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WAG rescues dog from Sloquet Hotsprings area

Ministry of Forests spokesperson confirms death of rescued dog's companion



Sunday, Aug. 12 update at 10:30 a.m.

The “feral” dog abandoned at a remote wilderness campsite at Sloquet Hotsprings, about three hours from Whistler, was rescued late Saturday (Aug. 11) and brought to the Whistler Animals Galore (WAG) shelter where it is now being cared for.

The drama started Thursday, when WAG put out a call for a volunteer with a 4x4 to rescue the animal and a companion. One dog was shot and killed by the campground manager late Thursday with permission from the Ministry of Forests, Lands and Natural Resource Operations. WAG was allowed to resume searching for the surviving animal late Friday.

The dog was finally caught by four loggers at the site, who had been feeding him and who agreed to help WAG volunteers.

“They are angels,” said WAG board member Sue Eckersley. “I’ve spent 36 hours trying to get him and they said they were going to save this dog and they did.”

Shannon Broderick, the director of operations for WAG, said Sunday morning that she had not been able to make a medical assessment for the dog, which was subdued and depressed but taking food. The plan, she said, was to allow it to recover for a few days and take it to a vet.

"It's normal for a dog in this situation to be depressed, he lost his companion, but the fact that he is eating is great," she said.

Broderick estimated the rescue cost $500, excluding vet fees, and involved around 30 people overall. She thanked everyone who helped and many others who volunteered.

For more on the story read Pique Newsmagazine on Thursday.

Saturday, Aug. 11 update:

The story of two dogs stuck at a remote campground up a treacherous logging road about three hours from Whistler has taken a tragic turn.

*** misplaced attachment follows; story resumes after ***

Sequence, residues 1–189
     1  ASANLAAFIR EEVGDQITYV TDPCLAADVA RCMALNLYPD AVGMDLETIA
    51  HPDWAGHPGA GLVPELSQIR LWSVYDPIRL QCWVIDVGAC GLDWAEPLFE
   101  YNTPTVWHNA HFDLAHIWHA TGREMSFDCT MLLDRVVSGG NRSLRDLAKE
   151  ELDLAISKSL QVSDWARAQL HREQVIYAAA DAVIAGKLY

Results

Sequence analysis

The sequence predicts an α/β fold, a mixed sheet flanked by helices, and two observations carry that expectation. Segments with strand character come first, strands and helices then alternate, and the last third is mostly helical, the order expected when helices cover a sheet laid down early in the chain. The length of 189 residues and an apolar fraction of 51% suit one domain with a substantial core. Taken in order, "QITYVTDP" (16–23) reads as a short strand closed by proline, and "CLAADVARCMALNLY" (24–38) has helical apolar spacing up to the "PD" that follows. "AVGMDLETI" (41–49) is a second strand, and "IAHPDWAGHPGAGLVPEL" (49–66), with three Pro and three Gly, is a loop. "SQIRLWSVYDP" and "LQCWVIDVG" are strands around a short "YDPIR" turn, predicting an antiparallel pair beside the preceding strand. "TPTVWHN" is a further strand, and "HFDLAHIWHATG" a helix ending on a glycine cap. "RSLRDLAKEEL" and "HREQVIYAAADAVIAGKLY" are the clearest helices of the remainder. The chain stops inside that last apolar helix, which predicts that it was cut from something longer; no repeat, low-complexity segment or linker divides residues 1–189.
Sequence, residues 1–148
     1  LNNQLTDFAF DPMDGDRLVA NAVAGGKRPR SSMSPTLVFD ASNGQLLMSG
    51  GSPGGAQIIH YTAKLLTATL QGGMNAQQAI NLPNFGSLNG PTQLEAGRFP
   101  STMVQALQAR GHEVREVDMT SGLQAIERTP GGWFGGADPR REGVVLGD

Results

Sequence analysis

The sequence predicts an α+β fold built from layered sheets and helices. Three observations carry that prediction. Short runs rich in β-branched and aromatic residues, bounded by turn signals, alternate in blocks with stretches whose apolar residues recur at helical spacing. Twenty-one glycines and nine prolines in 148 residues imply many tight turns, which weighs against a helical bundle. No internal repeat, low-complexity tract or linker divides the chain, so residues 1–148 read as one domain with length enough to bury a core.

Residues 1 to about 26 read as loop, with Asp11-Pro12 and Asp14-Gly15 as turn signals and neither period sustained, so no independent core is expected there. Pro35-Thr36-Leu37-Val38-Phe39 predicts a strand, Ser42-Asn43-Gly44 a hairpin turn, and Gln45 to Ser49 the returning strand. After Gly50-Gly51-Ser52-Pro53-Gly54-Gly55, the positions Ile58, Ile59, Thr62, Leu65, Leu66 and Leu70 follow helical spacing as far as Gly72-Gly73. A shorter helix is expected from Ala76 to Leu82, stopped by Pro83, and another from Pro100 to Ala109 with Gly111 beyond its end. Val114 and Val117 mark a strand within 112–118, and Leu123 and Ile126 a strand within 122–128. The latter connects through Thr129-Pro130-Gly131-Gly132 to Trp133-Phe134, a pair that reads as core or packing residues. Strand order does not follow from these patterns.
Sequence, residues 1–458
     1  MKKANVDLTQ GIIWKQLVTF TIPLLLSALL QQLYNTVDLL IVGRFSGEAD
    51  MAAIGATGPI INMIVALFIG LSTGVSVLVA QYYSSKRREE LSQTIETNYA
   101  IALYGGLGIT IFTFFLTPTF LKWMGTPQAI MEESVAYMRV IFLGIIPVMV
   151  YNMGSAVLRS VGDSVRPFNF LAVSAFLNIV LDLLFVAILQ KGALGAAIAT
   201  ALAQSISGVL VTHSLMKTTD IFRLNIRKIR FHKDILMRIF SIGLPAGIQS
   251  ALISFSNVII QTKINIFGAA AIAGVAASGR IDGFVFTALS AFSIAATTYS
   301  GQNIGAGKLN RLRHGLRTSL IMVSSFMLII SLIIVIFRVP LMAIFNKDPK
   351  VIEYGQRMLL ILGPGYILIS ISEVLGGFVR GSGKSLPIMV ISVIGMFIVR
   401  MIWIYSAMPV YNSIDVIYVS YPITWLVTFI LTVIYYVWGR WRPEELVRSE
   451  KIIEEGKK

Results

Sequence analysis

One of the dogs was shot and killed on Aug. 9 by a campsite manager working for the Ministry of Forests, Lands and Natural Resource Operations. The dogs were deemed to be “feral” and shooting them is legal, according to a spokesman for the ministry.

The other dog escaped injury and has not yet been caught.

The shooting took place minutes after an employee for Whistler Animals Galore (WAG), the non-profit animal shelter, arrived with a companion at Sloquet Hot Springs to rescue the animals. The group had been invited earlier that day by the ministry to capture the dogs.

WAG had been told the two dogs were starving at the campsite, one having been injured after being hit by a truck, and put out a call on Facebook and through Pique for volunteers with a 4x4.

The off-duty WAG staff member and another Whistler resident set off that afternoon and arrived early that evening. They saw both dogs, which ran off, and reported hearing two gun shots within 15 minutes of their arrival, said WAG board member Sue Eckersley in an interview on Friday.

After the shooting, which the pair did not witness, they were told both animals had died, and after searching further for several hours they returned to Whistler distraught and empty handed.

A ministry spokesman confirmed in an email on Aug. 10 the death of one animal.

He said the dogs were considered feral animals “since at least last summer”, and had been involved in numerous incidents, including biting one person and stealing food from campers repeatedly. It was legal in this situation, the spokesman added, for the animals to be shot.

“We can confirm that the manager of Sloquet Hot Springs campsite shot a feral dog on Thursday evening that had been acting aggressively toward campers in recent weeks,” the spokesman wrote.

“The campsite manager, also the band manager for the Douglas Lake First Nation, received permission from ministry staff to shoot the dogs. However, the dogs ran off from the campsite and the shooting occurred approximately seven-eight kilometres away from the campsite.”

The spokesman added that the manager acted with the full support of the ministry: “The animal was one of two dogs that had been causing problems in the area in recent weeks. Both had open sores and one had a severe injury to its hind leg. Ministry staff recently received reports that the dogs were stealing food from campers and one individual was bitten by one of the dogs…

“Three unsuccessful attempts were made in recent weeks to capture and relocate the dogs, including one by a member of the SPCA who was camping in the area and managed to load the feral dogs into a pickup truck. However the dogs chewed through their rope tethers and jumped from the moving truck, resulting in further injuries.”

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